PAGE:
The result of functional simulation. x1 and x2 . 6. which should produce the waveforms in Figure 37. Run the simulator.1.Figure 35. Observe that there is a delay of about 6 ns in producing a change in the signal f from the time when the input signals. Select Assignments > Settings > Simulator Settings to get to the window in Figure 35. Figure 36. 23 .2 Timing Simulation Having ascertained that the designed circuit is functionally correct. change their values. Specifying the simulation mode. choose Timing as the simulation mode. and click OK. This delay is due to the propagation delays in the logic element and the wires in the FPGA device. we should now perform the timing simulation to see how it will behave when it is actually implemented in the chosen FPGA device.

The configuration data is transferred from the host computer (which runs the Quartus II software) to the board by means of a cable that connects a USB port on the host computer to the leftmost USB connector on the board. Select Tools > Programmer to reach the window in Figure 38. 7. Quartus II software places the configuration data into the configuration device on the DE2 board. press the Hardware Setup. The required configuration file is generated by the Quartus II Compiler’s Assembler module. known as JTAG and AS modes. a configuration device that includes some flash memory is used to store the configuration data. make sure that the USB cable is properly connected and turn on the power supply switch on the board. The configuration information is lost when the power is turned off. To use this connection.Figure 37. If this driver is not already installed. Altera’s DE2 board allows the configuration to be done in two different ways. Figure 38. the FPGA need not be configured by the Quartus II software if the power is turned off and on. the configuration data is loaded directly into the FPGA device. button and select the USB-Blaster in the window that pops up. If the FPGA is configured in this manner. consult the tutorial Getting Started with Altera’s DE2 Board for information about installing the driver. it is necessary to have the USB-Blaster driver installed. 7 Programming and Configuring the FPGA Device The FPGA device must be programmed and configured to implement the designed circuit. it will retain its configuration as long as the power remains turned on.. as shown in Figure 39. The RUN position selects the JTAG mode. In this case. If not already chosen by default. select JTAG in the Mode box. The choice between the two modes is made by the RUN/PROG switch on the DE2 board. Flip the RUN/PROG switch into the RUN position. if the USB-Blaster is not chosen by default. Then. Also. The second possibility is to use the Active Serial (AS) mode. This group defined a simple way for testing digital circuits and loading data into them. this data is loaded into the FPGA upon power-up or reconfiguration. while the PROG position selects the AS mode. which became an IEEE standard. 24 . In the JTAG mode.1 JTAG Programming The programming and configuration task is performed as follows. Thus. Before using the board. The result of timing simulation. The Programmer window.. The acronym JTAG stands for Joint Test Action Group. Here it is necessary to specify the programming hardware and the mode that should be used.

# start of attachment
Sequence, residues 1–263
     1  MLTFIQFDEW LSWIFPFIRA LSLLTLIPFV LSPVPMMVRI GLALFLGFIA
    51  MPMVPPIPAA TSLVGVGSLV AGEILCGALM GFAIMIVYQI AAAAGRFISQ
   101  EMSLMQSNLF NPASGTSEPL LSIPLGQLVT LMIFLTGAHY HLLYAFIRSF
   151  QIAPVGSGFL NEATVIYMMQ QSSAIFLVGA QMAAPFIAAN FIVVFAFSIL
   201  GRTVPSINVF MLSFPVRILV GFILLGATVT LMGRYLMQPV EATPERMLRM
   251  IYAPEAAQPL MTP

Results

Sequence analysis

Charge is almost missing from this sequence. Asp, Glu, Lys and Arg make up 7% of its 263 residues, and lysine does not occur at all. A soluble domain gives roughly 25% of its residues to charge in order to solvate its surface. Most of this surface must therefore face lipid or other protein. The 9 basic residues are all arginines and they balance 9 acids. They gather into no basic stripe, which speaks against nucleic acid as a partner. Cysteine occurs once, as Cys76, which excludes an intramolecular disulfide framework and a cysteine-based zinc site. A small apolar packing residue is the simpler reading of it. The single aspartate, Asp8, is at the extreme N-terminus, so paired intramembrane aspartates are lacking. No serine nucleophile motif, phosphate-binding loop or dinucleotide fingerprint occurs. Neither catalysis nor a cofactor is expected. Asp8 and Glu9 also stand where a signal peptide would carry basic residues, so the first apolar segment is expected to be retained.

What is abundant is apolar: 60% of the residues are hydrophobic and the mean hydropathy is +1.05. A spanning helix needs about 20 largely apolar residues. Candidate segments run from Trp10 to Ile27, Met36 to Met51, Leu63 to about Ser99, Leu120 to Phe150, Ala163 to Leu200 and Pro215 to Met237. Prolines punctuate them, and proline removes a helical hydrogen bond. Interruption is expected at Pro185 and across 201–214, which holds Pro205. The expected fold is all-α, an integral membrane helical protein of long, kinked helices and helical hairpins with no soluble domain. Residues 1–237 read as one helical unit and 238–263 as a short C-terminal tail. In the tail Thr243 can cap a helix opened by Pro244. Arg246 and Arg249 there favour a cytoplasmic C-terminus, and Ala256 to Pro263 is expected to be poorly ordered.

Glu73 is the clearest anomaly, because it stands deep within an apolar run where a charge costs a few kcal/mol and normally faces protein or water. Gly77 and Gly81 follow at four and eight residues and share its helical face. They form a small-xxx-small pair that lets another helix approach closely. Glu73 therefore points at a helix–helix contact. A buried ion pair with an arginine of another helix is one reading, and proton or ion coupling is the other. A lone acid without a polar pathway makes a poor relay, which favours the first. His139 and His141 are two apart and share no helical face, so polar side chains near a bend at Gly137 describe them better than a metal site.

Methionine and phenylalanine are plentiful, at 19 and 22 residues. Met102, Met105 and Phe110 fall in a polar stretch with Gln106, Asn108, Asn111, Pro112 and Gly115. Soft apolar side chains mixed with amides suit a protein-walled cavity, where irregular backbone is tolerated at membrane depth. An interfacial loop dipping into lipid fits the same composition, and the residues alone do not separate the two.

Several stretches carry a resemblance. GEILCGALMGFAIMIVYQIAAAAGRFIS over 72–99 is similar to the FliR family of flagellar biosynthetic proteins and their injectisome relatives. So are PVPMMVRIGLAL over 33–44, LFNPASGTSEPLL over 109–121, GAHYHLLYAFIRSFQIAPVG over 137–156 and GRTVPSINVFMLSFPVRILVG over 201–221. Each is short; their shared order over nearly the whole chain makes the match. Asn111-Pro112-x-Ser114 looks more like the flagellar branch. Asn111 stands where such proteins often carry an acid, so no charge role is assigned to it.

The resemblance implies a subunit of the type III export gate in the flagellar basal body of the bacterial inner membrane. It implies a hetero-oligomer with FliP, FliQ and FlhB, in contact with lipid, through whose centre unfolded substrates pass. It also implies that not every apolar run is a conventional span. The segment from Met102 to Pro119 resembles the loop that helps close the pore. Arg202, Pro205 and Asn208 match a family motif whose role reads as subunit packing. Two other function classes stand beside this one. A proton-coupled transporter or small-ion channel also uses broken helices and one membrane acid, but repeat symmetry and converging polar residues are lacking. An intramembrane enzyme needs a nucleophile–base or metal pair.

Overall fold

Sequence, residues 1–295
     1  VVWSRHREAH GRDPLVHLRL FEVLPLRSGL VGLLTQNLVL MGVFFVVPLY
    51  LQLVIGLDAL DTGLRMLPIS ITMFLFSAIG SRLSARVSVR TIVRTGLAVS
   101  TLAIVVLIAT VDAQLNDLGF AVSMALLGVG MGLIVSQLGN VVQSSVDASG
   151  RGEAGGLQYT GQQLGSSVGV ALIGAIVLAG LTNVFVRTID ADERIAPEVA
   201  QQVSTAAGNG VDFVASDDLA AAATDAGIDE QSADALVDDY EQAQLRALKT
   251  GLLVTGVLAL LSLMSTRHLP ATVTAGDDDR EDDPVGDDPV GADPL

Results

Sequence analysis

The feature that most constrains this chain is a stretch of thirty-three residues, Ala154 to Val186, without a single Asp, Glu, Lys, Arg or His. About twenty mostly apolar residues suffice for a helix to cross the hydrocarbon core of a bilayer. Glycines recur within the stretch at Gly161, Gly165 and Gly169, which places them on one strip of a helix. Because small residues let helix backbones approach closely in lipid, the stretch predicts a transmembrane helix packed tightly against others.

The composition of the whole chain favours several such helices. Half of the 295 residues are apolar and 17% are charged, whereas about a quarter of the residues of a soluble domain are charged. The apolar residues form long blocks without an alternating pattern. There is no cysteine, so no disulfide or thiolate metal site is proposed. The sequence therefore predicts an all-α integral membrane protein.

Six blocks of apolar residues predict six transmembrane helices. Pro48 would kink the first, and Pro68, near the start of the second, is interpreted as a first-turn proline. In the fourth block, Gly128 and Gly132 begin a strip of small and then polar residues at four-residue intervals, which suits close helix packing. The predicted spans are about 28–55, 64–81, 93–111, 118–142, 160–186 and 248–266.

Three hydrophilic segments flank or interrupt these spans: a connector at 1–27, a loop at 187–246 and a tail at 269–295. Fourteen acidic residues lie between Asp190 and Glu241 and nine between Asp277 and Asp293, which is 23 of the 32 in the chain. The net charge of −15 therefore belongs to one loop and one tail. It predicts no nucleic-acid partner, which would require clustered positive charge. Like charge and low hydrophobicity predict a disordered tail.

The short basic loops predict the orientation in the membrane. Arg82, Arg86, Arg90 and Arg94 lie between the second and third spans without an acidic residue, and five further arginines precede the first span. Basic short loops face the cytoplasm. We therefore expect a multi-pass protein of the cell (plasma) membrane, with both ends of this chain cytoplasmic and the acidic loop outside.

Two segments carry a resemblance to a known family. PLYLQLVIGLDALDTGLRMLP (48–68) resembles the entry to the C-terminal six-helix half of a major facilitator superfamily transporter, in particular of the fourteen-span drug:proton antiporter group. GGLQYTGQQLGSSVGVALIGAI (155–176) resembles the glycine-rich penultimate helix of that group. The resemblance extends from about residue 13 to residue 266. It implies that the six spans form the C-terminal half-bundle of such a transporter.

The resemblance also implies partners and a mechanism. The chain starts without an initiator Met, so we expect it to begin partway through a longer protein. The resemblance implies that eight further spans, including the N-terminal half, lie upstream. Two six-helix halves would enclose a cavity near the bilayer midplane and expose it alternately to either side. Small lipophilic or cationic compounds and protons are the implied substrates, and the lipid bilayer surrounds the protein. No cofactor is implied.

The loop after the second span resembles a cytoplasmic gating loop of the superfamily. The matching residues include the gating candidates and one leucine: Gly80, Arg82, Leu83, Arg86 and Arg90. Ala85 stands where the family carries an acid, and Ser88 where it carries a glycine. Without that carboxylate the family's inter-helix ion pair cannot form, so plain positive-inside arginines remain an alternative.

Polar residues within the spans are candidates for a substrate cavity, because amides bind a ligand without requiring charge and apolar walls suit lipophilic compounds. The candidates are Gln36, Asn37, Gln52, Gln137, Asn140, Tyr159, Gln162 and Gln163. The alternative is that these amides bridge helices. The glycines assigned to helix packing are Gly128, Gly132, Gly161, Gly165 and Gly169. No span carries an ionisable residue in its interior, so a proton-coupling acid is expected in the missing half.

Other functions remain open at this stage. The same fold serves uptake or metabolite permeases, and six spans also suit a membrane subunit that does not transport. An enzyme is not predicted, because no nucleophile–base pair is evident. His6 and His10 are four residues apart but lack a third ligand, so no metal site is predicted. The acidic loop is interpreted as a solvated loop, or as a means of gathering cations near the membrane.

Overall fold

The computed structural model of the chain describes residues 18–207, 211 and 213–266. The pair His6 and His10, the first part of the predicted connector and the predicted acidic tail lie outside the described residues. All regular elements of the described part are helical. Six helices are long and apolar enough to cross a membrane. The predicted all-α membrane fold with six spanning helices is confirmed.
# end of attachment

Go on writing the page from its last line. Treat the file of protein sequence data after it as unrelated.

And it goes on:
as shown in Figure 40. which leads to the window in Figure 41. click on the Configuration tab to obtain the window in Figure 43. If you see an error reported by Quartus II software indicating that programming failed. Note also that the device selected is EP2C35F672. An LED on the board will light up when the configuration data has been downloaded successfully.2 Active Serial Mode Programming In this case. Figure 40. Figure 39.sof stands for SRAM Object File. Now. click 25 . the configuration data has to be loaded into the configuration device on the DE2 board. which is identified by the name EPCS16.sof is listed in the window in Figure 38. Upon returning to the window in Figure 41. This is a binary file produced by the Compiler’s Assembler module. which contains the data needed to configure the FPGA device. which is the FPGA device used on the DE2 board. Click on the Program/Configure check box. Click on the Device and Pin Options button to reach the window in Figure 42. The Hardware Setup window. press Start in the window in Figure 40. then check to ensure that the board is properly powered on. The updated Programmer window. The extension . 7. If the file is not already listed.Observe that the configuration file light. To specify the required configuration device select Assignments > Device. Now. In the Configuration device box (which may be set to Auto) choose EPCS16 and click OK. then click Add File and select it.

26 . The Device Settings window. Recompile the designed circuit. Figure 41. Figure 42.OK. The Options window.